“Yes, Twitter is public. But that’s a sentence that would have been entirely meaningless just 10 years ago. Journalists haven’t fully grappled with exactly what it means. Reporters interested in public opinion used to have to actually go outside, meet people—or at least call them on the phone—and identify themselves as journalists. Now, Twitter connects us to 230 million active users who publish a combined 500 million tweets every single day, giving us a direct line to random acts of advocacy and casual expressions of bigotry. The new, virtual man on the street doesn’t even need to be aware of a reporter’s existence in order to turn up on a highly trafficked news source with name, photo, and social media contact information embedded. It’s the journalist’s “right” to reproduce these public statements, sure. But our rights are expanding radically, while our responsibilities to our sources are becoming more and more optional.”
— I wrote about whether everything ever posted on social media is fair game for journalists to turn into news.
8:21 pm • 19 March 2014
“On the Internet, women are overpowered and devalued. We don’t always think about our online lives in those terms—after all, our days are filled with work to do, friends to keep up with, Netflix to watch. But when anonymous harassers come along—saying they would like to rape us, or cut off our heads, or scrutinize our bodies in public, or shame us for our sexual habits—they serve to remind us in ways both big and small that we can’t be at ease online. It is precisely the banality of Internet harassment, University of Miami law professor Mary Anne Franks has argued, that makes it “both so effective and so harmful, especially as a form of discrimination.””
— "Why Women Aren’t Welcome on the Internet," my cover story on online harassment, in Pacific Standard.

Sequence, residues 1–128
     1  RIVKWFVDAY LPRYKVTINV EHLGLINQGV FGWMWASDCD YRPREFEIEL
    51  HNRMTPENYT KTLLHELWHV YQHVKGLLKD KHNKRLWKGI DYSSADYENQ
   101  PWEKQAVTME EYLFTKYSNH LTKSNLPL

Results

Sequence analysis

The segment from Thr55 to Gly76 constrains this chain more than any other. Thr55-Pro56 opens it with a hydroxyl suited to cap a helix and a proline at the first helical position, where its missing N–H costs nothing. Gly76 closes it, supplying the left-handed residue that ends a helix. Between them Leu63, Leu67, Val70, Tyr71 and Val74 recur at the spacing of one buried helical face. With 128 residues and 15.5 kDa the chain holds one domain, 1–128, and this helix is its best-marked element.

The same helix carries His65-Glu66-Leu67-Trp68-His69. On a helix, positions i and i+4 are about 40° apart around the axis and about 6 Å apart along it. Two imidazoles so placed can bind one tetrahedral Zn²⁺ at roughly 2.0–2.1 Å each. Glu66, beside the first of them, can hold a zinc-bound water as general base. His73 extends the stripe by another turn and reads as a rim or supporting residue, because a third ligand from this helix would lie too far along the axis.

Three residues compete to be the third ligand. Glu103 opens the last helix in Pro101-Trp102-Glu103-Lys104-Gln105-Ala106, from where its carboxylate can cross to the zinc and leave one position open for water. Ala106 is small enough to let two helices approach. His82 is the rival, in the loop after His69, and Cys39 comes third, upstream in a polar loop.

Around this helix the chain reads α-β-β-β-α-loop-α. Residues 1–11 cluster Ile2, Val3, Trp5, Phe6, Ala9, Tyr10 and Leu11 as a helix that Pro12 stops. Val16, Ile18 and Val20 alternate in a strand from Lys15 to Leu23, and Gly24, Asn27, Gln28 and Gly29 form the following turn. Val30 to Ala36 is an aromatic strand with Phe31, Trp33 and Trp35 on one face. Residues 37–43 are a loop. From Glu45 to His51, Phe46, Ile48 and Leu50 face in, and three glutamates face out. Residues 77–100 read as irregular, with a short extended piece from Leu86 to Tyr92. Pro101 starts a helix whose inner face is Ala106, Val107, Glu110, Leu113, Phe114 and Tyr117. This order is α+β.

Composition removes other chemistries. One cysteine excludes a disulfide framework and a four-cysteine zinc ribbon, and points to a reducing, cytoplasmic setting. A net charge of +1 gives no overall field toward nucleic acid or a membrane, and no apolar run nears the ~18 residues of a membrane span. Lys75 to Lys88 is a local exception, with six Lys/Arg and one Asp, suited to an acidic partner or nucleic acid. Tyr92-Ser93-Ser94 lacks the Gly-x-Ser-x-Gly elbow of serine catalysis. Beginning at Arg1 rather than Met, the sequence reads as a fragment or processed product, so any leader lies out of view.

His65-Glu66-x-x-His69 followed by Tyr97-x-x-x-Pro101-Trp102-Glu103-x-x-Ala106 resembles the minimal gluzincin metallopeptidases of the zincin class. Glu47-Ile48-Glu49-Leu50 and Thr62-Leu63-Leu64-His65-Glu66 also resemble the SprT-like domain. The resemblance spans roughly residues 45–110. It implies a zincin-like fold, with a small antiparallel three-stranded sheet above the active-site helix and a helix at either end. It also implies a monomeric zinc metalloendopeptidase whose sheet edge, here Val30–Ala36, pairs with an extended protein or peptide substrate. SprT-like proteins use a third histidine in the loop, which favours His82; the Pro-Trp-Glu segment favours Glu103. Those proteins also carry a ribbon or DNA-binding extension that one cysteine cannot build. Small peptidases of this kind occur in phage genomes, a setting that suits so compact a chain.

5:48 pm • 6 January 2014
“Here’s how to convince your bosses (or your employees) that you’re working very hard from home when you’re actually doing something totally worthless, like spending time with your children.”
— How to fake “working remotely” while home for the holidays.
10:25 am • 20 December 2013
“Here is when the entertainment industry will stop working with creeps: (1) When the creep dies; (2) When the creep is imprisoned; (3) When the creep stops making lots and lots and lots of money.”
— Why stars you admire (Beyonce) will always work with stars you despise (Terry Richardson).
3:15 pm • 18 December 2013
“This isn’t just about the books. When young women read the hyper-masculine literary canon—what Emily Gould calls the “midcentury misogynists,” staffed with the likes of Roth, Mailer, and Miller—their discomfort is punctuated by the knowledge that their male peers are reading these books, identifying with them, and acting out their perspectives and narratives.”
— Amanda Hess on NO REGRETS (from n+1) in Slate. (via skeery)
1:15 am • 10 December 2013
As a male tribal elder I applaud your defense of the hirsute female form. It has been a lifelong fetish of mine and, in fact, I find the infantilized Barbie shaved female form absolutely repulsive.
There is nothing like a natural unshaved woman, armpits and all. What nectar lies there! Real women smell real and real men need to smell that. Please keep up your ways, it brings hope to this now tired old man who longs for the delicious textures and scents of a good Lark’s nest.
On behalf of millions of suffering men out there I bow to your sensibilities! Carry On!
1:14 am • 10 December 2013
Anonymous asked: How unfortunate.
1:12 pm • 5 December 2013
“O’Keefe, like the rest of us, male and female, desired both these crucial experiences: the possibility of being a subject and that of being an object—a mere body that makes the pulse quicken in someone we love.”
— on Georgia O’Keefe’s Body of Art
4:13 pm • 2 December 2013
“In recent years, the bombshell bush has essentially disappeared. Wax-wielding estheticians and permanent lasers have whittled it down or erased it entirely. Pornography has served up a new degree of bareness. When the paparazzi shoot pantyless pop stars exiting limousines, their cameras zoom in on a barren landscape. But it wasn’t always this way. For centuries of artistic tradition, the absence of pubic hair was merely an illusion.”
— A short history of female pubic hair.
10:49 pm • 1 December 2013